Do Equine Serum Allergy Tests Really Work?

An equine nutritionist discusses the validity of serum allergy tests for horses and offers more accurate options.
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oats for horses
The only way to accurately diagnose food allergies is through an elimination diet. | The Horse Staff

Q: I have a friend who claims her horse is allergic to oats, as confirmed by a food allergy test. Are food allergy tests in horses accurate?

A:  Serum allergy testing is a convenient testing method that is growing in popularity and, when paired with clinical signs, can be a place to start for non-food allergens. However, it has significant limitations and is prone to false positives for food allergens in horses and other species. Position statements made by the American College of Veterinary Dermatology state that neither serum allergy testing nor intradermal skin testing are valid tests for the diagnosis of food allergies or the identification of specific food allergens. The only test that can accurately diagnose food allergies is an elimination diet.

This is the thought process I follow when faced with a horse that appears to be suffering from allergies, or the owner suspects allergies. First, consider the horse’s clinical signs, which should narrow the field of what is truly affecting the horse. Horse owners are quick to look to the diet because that might be what they have most control over. However, environmental factors such as mold, pollen, or a skin hypersensitivity to insects or plants are the most frequent culprits. Hives, runny eyes, nasal discharge, and coughing might be indicative of an inhaled allergen. Symptoms that have seasonality or that come on suddenly despite a consistent diet are unlikely to be resolved by changing the concentrate portion of the diet.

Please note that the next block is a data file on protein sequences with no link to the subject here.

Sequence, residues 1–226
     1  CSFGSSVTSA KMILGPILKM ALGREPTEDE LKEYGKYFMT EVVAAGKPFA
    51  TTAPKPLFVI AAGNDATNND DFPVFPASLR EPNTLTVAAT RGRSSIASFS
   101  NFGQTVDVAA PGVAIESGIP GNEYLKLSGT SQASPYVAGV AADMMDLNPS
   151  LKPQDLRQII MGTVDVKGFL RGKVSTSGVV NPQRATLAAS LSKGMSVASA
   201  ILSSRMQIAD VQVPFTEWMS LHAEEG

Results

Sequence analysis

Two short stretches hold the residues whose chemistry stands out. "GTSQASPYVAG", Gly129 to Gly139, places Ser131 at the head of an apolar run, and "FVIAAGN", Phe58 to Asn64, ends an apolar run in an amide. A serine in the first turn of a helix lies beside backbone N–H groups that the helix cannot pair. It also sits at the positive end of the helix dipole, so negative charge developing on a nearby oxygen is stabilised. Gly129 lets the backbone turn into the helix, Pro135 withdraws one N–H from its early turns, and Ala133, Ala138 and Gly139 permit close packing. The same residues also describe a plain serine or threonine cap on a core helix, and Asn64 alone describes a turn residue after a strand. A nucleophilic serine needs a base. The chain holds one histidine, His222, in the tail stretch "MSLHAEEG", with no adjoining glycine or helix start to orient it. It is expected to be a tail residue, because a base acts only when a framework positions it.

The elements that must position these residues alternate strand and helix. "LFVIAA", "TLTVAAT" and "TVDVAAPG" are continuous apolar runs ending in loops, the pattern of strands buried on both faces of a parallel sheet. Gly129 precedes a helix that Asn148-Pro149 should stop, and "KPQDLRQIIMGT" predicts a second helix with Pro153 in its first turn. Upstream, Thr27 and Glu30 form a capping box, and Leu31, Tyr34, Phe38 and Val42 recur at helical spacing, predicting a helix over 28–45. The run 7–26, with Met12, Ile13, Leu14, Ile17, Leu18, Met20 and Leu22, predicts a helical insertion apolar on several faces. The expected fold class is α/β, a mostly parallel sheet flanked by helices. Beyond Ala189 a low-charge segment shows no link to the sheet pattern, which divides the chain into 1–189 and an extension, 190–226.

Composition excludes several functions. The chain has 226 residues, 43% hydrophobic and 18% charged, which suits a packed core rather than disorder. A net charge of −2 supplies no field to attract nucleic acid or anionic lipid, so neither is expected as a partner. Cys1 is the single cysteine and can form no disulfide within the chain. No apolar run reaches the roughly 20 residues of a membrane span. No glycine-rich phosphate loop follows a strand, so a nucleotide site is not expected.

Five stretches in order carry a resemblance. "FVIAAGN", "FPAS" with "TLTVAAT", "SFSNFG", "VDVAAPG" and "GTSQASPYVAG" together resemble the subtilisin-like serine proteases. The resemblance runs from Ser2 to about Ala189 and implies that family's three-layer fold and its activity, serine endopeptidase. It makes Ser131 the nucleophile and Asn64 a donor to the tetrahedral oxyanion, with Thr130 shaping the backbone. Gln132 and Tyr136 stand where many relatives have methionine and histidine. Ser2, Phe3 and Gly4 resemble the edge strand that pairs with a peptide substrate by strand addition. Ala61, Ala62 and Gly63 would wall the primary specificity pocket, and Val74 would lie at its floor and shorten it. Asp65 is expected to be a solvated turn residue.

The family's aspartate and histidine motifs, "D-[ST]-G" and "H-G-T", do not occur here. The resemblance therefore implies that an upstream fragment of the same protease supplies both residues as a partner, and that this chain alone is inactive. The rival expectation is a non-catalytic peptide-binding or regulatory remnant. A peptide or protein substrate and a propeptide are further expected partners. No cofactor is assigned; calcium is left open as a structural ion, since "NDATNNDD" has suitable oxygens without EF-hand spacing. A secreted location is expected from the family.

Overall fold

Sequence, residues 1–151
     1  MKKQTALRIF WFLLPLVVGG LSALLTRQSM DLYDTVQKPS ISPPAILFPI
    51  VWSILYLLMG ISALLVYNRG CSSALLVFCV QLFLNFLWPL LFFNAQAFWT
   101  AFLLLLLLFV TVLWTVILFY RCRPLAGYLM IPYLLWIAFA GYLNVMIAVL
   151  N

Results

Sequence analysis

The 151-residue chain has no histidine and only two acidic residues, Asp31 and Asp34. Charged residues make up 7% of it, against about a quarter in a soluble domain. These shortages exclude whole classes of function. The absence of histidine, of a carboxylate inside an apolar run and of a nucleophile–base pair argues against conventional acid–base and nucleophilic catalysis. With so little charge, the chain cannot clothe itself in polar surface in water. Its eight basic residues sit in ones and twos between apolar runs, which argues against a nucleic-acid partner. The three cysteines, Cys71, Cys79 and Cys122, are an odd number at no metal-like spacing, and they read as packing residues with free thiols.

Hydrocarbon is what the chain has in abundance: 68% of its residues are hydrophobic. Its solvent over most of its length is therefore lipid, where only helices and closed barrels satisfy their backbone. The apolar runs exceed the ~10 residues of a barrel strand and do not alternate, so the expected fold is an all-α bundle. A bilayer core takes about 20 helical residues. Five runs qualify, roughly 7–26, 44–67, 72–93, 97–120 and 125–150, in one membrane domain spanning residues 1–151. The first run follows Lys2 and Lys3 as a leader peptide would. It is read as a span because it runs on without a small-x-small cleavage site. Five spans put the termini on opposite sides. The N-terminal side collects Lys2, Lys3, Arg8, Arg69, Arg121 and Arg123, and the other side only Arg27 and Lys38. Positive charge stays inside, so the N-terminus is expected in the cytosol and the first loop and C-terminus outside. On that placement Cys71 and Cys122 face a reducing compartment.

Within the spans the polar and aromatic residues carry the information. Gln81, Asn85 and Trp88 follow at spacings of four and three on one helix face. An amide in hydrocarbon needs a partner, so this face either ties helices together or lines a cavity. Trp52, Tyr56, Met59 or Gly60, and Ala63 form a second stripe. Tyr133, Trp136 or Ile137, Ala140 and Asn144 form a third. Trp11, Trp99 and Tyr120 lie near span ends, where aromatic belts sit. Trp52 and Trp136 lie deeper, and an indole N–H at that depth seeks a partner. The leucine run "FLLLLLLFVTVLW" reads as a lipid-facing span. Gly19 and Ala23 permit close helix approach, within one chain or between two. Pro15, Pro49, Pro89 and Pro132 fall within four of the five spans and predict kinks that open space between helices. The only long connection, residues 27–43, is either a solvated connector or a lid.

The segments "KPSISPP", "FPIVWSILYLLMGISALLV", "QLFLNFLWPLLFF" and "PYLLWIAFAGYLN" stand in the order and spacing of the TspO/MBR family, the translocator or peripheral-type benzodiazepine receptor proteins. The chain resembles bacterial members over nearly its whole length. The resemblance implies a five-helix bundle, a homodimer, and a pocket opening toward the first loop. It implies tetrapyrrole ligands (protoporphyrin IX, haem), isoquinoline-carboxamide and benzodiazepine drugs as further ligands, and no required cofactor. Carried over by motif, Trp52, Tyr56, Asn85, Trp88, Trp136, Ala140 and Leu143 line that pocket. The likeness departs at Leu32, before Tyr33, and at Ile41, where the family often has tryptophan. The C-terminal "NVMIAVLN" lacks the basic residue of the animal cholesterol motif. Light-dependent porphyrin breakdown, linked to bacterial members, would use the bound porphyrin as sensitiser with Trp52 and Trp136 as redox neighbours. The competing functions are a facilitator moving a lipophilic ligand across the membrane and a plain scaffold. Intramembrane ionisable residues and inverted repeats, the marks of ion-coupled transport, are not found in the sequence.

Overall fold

If symptoms are otherwise unexplained, it is time to closely evaluate the diet through an elimination diet. A horse that’s been on a good plane of nutrition previously can be fed a hay-only diet for at least two to four weeks to observe if the symptoms resolve. If there is no improvement in symptoms, a food allergy is unlikely. If symptoms resolve, ingredients can be reintroduced one at a time until clinical signs reappear, thereby identifying the ingredient to avoid. In the case of the suspected oat allergy or when there is an allergy to only one item, it can be relatively simple to read the ingredient list or contact feed manufacturers to find a formula without that one item. However, when multiple ingredients are suspected, the importance of the elimination diet is even greater. Otherwise, you might unnecessarily limit your feed options or end up with an unbalanced or inefficient diet. As always, consult an equine nutritionist when in doubt.

Do you have an equine nutrition question? The Horse’s editors want to hear from you! Send your questions to theditorialstaff@thehorse.com.

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Anna Pesta Dunaway, PhD, is a nutritionist on the equine technical solutions team at Purina Animal Nutrition. She is responsible for helping bring innovative solutions from the research team out to the field. Pesta Dunaway spends most of her time providing technical consultations and support to the sales team on the East Coast, as well as speaking on equine nutrition at horse owner meetings and professional conferences. She earned her BS in animal science from Kansas State University and received both her MS and PhD in animal nutrition from the University of Nebraska. Her graduate research focused on the use of high-fat diets and manipulating the microbial community in the gut. Anna resides in Aiken, South Carolina, and is a lifelong equestrian with a special interest in the nutrition and development of the future sport horse.

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